PINE RIDGE, S.D. (KELO) – These past two weeks, KELOLAND News has told you multiple stories of murders and crimes against Indigenous people going unsolved. And part of the problem might come down to a lack of resources on the reservations.

At the end of July, the Oglala Sioux Tribe filed a lawsuit against the Bureau of Indian Affairs and Department of Interior, saying the government has failed to uphold its obligations to provide adequate law enforcement as outlined by laws and treaties.

“I know our public safety department is trying their hardest, we’re like lacking officers, you know. We need more help,” Holly Wilson, a Pine Ridge grandmother who lost two grandsons, said.

According to a lawsuit filed by the Oglala Sioux Tribe, more than 400,000 people rely on BIA funded law enforcement. However, the Tribe notes the BIA currently only provides funding for 33 police officers and 8 criminal investigators.

Jurisdiction rights are also an issue.

“Indian on Indian within a reservation, tribal cops can take care of that. So seriously some of the first questions that are asked if we don’t know the person, ‘are you Indian or not,’ because if they are, we have jurisdiction. If they’re not, then we have to call the sheriff or we have to call the FBI depending on the severity,’ Tanya Krietlow with the SD Network Against Family Violence and Sexual Assault said.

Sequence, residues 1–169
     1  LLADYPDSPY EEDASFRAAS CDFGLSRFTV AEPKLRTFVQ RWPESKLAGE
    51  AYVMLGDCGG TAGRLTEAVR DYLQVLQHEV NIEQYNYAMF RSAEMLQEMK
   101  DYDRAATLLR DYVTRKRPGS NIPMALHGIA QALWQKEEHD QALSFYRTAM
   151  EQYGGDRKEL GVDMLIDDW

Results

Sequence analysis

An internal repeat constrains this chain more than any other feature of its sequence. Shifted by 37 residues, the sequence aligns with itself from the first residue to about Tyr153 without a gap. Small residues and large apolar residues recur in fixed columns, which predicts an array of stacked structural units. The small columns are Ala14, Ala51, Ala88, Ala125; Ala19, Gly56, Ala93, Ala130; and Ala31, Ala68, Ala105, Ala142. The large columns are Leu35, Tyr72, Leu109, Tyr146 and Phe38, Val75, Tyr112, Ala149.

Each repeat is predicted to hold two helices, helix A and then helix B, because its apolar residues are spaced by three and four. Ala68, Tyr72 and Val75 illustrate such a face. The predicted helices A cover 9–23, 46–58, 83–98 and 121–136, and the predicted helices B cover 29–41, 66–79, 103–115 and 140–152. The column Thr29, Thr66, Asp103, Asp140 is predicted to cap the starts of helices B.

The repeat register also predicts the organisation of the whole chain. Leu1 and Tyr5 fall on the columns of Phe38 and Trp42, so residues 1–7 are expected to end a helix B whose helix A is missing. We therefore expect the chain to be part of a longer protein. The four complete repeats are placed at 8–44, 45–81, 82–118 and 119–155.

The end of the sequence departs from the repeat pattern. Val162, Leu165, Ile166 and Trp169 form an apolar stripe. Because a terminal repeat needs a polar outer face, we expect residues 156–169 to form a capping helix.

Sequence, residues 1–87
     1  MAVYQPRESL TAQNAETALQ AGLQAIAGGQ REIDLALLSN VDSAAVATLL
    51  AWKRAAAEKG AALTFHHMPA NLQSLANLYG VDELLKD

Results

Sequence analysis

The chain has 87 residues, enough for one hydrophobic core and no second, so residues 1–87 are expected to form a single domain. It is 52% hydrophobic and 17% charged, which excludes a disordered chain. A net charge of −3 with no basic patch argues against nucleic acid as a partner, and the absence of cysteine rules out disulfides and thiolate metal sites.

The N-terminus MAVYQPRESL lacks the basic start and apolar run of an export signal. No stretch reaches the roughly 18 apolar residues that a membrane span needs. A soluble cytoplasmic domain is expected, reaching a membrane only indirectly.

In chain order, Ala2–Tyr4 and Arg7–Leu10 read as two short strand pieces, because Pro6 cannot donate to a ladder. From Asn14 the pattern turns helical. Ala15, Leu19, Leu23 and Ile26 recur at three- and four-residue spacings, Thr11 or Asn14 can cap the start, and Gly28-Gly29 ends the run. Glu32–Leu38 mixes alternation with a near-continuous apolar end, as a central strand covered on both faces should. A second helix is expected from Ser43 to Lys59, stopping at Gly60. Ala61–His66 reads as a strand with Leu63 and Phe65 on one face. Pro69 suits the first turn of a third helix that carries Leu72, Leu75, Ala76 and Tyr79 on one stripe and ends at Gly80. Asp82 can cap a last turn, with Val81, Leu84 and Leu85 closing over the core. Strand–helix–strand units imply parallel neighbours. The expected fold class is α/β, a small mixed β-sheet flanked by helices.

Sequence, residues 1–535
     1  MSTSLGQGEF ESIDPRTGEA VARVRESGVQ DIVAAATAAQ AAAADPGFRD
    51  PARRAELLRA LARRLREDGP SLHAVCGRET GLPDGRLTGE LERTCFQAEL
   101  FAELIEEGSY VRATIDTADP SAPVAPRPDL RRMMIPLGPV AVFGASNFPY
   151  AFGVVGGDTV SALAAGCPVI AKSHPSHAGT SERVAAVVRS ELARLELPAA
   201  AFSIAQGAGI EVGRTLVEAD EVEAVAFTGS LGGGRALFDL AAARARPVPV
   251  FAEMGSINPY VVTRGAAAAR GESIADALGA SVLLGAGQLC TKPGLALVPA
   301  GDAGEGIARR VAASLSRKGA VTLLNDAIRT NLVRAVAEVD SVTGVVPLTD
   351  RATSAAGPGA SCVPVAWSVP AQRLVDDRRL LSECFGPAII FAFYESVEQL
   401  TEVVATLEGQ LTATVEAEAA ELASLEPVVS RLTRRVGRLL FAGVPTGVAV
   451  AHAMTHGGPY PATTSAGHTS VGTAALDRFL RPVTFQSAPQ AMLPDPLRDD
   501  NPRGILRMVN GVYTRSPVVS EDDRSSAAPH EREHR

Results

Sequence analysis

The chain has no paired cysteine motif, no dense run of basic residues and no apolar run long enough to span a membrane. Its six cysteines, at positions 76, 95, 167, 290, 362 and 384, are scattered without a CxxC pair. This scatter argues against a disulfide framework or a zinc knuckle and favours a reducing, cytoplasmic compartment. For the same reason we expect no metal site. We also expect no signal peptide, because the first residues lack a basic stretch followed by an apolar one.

Under the Seven Major Crimes Act, the FBI has jurisdiction over certain crimes committed by a Native American on a reservation. Those crimes include murder, manslaughter, rape, assault with intent to kill, arson, burglary and larceny.

“But they’re not stationed there so they still have to come from Rapid City down to Pine Ridge or Pierre down to Rosebud,” Krietlow said. “So that lag time too, often gives perpetrators the chance to hide or flee.”

Krietlow says jurisdiction confusion is a ‘nightmare’ when handling human trafficking cases.

“Oftentimes, because of the services that are on reservations, or lack thereof, so to speak, victims are removed from the reservation, not necessarily against their will,” Krietlow said. “Then the crime happens here and then they go home to the reservation, so then it becomes, who do we call then. Do we report it to the local law enforcement, do we report it to where it happened, is it FBI if it crosses state lines?”

The size of reservations causes issues as well.

“The town of Pine Ridge, for example, has communities way out away from the main town where the grocery store, the hospital and the police department are,” Krietlow said. “They’re not stationed out there, they’re stationed in Pine Ridge. So the drive to get from here to there is also difficult when it comes to responding to crime.”

Violent crime rates on reservations are more than double the national average… making policing even more challenging.

“There’s all this law stuff that comes into play that is confusing even for the best law enforcement officer,” Krietlow said.

In the last couple of years, there have been efforts in Washington to help break down jurisdictional barriers, but many cases remain unsolved.

KELOLAND News tried reaching out to the Oglala Sioux Tribe to talk about these issues and the lawsuit they filed, but have not heard back.